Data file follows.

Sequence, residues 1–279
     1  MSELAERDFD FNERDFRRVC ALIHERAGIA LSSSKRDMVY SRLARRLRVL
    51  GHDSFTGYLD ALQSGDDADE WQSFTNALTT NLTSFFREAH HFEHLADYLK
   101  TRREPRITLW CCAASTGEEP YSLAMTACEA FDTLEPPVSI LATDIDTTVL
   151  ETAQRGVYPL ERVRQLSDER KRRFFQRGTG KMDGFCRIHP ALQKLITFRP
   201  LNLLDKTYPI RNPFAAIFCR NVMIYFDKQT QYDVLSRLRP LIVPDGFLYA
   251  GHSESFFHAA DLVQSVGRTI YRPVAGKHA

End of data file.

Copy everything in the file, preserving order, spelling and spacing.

Sequence, residues 1–279
     1  MSELAERDFD FNERDFRRVC ALIHERAGIA LSSSKRDMVY SRLARRLRVL
    51  GHDSFTGYLD ALQSGDDADE WQSFTNALTT NLTSFFREAH HFEHLADYLK
   101  TRREPRITLW CCAASTGEEP YSLAMTACEA FDTLEPPVSI LATDIDTTVL
   151  ETAQRGVYPL ERVRQLSDER KRRFFQRGTG KMDGFCRIHP ALQKLITFRP
   201  LNLLDKTYPI RNPFAAIFCR NVMIYFDKQT QYDVLSRLRP LIVPDGFLYA
   251  GHSESFFHAA DLVQSVGRTI YRPVAGKHA